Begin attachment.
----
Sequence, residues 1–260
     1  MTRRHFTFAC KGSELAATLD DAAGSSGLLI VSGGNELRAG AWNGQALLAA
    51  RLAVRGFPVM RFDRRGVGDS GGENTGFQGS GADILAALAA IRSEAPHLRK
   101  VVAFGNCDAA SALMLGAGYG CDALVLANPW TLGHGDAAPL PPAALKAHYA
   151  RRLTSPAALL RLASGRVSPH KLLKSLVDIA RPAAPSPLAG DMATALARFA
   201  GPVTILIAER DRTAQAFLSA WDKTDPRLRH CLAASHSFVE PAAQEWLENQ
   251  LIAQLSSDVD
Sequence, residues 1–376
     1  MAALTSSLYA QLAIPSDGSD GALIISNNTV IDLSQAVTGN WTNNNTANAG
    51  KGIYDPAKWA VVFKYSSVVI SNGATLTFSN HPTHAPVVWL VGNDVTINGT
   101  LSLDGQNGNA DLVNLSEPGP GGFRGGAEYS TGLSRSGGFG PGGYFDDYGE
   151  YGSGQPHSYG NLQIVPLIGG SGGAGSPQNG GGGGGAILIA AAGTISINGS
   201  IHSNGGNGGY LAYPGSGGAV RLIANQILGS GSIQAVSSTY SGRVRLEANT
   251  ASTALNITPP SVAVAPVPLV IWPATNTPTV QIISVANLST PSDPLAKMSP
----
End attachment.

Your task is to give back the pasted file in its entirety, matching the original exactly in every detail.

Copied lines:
Sequence, residues 1–260
     1  MTRRHFTFAC KGSELAATLD DAAGSSGLLI VSGGNELRAG AWNGQALLAA
    51  RLAVRGFPVM RFDRRGVGDS GGENTGFQGS GADILAALAA IRSEAPHLRK
   101  VVAFGNCDAA SALMLGAGYG CDALVLANPW TLGHGDAAPL PPAALKAHYA
   151  RRLTSPAALL RLASGRVSPH KLLKSLVDIA RPAAPSPLAG DMATALARFA
   201  GPVTILIAER DRTAQAFLSA WDKTDPRLRH CLAASHSFVE PAAQEWLENQ
   251  LIAQLSSDVD
Sequence, residues 1–376
     1  MAALTSSLYA QLAIPSDGSD GALIISNNTV IDLSQAVTGN WTNNNTANAG
    51  KGIYDPAKWA VVFKYSSVVI SNGATLTFSN HPTHAPVVWL VGNDVTINGT
   101  LSLDGQNGNA DLVNLSEPGP GGFRGGAEYS TGLSRSGGFG PGGYFDDYGE
   151  YGSGQPHSYG NLQIVPLIGG SGGAGSPQNG GGGGGAILIA AAGTISINGS
   201  IHSNGGNGGY LAYPGSGGAV RLIANQILGS GSIQAVSSTY SGRVRLEANT
   251  ASTALNITPP SVAVAPVPLV IWPATNTPTV QIISVANLST PSDPLAKMSP